Reprehensible. It's little comfort that Olmert is most likely about to be given the boot. Very little comfort, indeed.

Standing up


I'm beginning to feel like a yo-yo. And I see I'm hardly the only one.

Our sage Hillel famously said:

If I am not for myself, who will be for me? But if I am only for myself, who am I? And if not now, when?
Pirke Avot (Ethics of the Fathers), 1:14

The importance of this concept to us, today, simply can't be overemphasized. And it's beginning to sound as if Prime Minister Olmert is, in fact, getting it.

Prime Minister Ehud Olmert and Defense Minister Amir Peretz ordered the IDF on Friday to send additional ground forces into Lebanon up to the Litani river, some 30 kilometers from Israel.

Hours later, France and the United States announced that they had reached a deal on a final draft resolution aimed at ending the month-long conflict. A vote on the cease-fire draft will take place at 1 a.m. IST. Israel has yet to respond to the draft, and the government is scheduled to vote on the cease-fire resolution at its weekly cabinet meeting Sunday morning.

Before news broke out that an agreement has been reached, Olmert's spokesman, Asaf Shariv, told The Associated Press that the expanded incursion had already begun. According to Shariv, the emerging cease-fire fails to meet Israel's basic requirements, such as stationing robust international combat troops in southern Lebanon once Israel withdraws.

"Yesterday we were very optimistic, but they (the Security Council) took the wrong turn," Shariv said.

May their mission be a success, and may they return home safely and soon. I have a suggestion for the UN Security Council, too, but not tonight.

Shabbat Shalom.

Standing down


I'm really not an optimist at heart. But sometimes I play one on this blog. It's one of those alter ego things I get to do here that helps to keep me sane. Relatively speaking.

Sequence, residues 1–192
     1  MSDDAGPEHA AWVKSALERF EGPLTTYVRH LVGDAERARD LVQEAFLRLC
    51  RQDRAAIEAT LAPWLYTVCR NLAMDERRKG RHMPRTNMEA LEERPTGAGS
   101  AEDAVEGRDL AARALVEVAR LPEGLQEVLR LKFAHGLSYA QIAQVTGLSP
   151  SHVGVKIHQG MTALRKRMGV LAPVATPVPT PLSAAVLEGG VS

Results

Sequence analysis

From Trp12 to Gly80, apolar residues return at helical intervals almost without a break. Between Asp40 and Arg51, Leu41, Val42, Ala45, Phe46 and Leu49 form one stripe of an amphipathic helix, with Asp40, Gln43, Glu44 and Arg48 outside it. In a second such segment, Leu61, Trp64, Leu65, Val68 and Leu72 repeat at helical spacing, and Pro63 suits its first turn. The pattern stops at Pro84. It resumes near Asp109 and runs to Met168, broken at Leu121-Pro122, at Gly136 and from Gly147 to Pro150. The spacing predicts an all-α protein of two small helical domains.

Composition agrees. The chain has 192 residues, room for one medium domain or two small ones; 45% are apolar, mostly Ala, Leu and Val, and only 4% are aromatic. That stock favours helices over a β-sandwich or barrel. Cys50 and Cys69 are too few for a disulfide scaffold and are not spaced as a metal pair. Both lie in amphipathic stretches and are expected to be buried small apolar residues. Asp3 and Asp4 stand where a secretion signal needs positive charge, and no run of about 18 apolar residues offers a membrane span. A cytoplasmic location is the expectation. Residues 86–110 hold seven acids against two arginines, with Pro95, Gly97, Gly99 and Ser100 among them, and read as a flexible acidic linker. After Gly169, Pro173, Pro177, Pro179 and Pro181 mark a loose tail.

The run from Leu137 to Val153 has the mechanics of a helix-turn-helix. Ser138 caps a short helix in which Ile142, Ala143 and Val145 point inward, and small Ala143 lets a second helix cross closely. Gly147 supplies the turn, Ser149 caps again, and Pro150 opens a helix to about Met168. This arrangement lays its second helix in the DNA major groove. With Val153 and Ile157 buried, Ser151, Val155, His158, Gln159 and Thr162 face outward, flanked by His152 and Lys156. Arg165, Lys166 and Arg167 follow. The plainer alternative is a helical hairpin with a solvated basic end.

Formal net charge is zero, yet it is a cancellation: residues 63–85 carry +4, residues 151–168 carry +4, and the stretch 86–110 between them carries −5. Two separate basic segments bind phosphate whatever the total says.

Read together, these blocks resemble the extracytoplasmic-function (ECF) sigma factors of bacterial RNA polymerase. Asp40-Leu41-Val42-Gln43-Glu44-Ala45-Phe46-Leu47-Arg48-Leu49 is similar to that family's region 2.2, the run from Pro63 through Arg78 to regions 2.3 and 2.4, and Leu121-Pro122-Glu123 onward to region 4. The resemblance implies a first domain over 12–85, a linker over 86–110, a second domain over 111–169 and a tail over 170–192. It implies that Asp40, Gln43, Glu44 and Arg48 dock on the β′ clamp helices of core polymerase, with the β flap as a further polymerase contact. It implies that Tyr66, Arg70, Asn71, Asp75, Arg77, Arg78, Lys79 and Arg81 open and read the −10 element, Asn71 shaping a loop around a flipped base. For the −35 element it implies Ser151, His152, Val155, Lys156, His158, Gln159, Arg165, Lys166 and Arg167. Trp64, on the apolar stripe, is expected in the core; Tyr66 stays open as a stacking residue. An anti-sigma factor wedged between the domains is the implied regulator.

Last night I let pure wishful thinking get the better of me. In the light of today, it's increasingly apparent that not only does Ehud Olmert not have a rabbit ready to pull out of his hat, but that help I mentioned? It's melting away like the Wicked Witch of the West. Who knows what bucket of water was thrown over the Bush administration's resolve in the face of this crisis? Perhaps it was the threat of planes getting blown out of the sky. Perhaps it was Fear of France. Or Post-Lamont victory Syndrome. I just don't know. Whatever it was, it's getting dangerously close to declaring a surrender in the "war on terror," a war in which the real enemy rarely gets named (although it did yesterday).

David Horovitz in a blazingly clear JPost editorial today:

Olmert must decide: is this an existential conflict or isn't it? If it is, then why hold out hope for a feckless international solution that he must know will leave Hizbullah to bombard Israel another day - the next time, potentially, with unconventional weapons?

Indeed, the only hope for an international solution that will hold water will come after the approved ground operation is completed.

In this context, the White House's sudden decision to return to the language of moral equivalence is very puzzling and disturbing. Presidential spokesman Tony Snow said just after the cabinet decision that "we want an end to violence and we do not want escalations."

What does this mean? That suddenly the White House sees Israel on the same plane as Hizbullah? Does it mean that President George W. Bush believes that a UN resolution imposed now, perhaps after a watering-down by France at the behest of the Arab League, will produce the long-term stability that Washington has said it is seeking?

Again, if Israel has been dragged into an existential conflict, the White House should not be pressuring the Israeli government, and Israel's prime minister should not be pretending - or worse, not pretending - that he might accede to that pressure.

"A test for the US, too." Read it all.



This is too much. Pigs are flying, pinch me.

Olmert must go

By Ari Shavit

Ehud Olmert may decide to accept the French proposal for a cease-fire and unconditional surrender to Hezbollah. That is his privilege. Olmert is a prime minister whom journalists invented, journalists protected, and whose rule journalists preserved. Now the journalists are saying run away. That's legitimate. Unwise, but legitimate.

However, one thing should be clear: If Olmert runs away now from the war he initiated, he will not be able to remain prime minister for even one more day. Chutzpah has its limits. You cannot lead an entire nation to war promising victory, produce humiliating defeat and remain in power. You cannot bury 120 Israelis in cemeteries, keep a million Israelis in shelters for a month, wear down deterrent power, bring the next war very close, and then say - oops, I made a mistake. That was not the intention. Pass me a cigar, please.